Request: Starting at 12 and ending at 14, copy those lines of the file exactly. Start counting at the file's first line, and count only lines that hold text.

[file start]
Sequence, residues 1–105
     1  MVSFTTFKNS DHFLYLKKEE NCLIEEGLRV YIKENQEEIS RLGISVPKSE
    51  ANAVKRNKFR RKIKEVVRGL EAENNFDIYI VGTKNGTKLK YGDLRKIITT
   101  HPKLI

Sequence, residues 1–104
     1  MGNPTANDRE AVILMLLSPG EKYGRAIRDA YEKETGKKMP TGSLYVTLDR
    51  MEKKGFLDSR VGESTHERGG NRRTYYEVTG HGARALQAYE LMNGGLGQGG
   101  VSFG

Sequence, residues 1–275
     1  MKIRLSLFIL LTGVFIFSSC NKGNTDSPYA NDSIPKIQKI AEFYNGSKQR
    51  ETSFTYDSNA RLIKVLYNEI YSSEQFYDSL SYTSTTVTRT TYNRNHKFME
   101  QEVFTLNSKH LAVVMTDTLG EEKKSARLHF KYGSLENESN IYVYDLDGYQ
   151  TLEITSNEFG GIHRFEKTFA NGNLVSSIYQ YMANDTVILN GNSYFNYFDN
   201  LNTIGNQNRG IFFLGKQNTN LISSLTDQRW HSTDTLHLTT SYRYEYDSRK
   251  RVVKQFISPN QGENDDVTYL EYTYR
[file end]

   101  QEVFTLNSKH LAVVMTDTLG EEKKSARLHF KYGSLENESN IYVYDLDGYQ
   151  TLEITSNEFG GIHRFEKTFA NGNLVSSIYQ YMANDTVILN GNSYFNYFDN
   201  LNTIGNQNRG IFFLGKQNTN LISSLTDQRW HSTDTLHLTT SYRYEYDSRK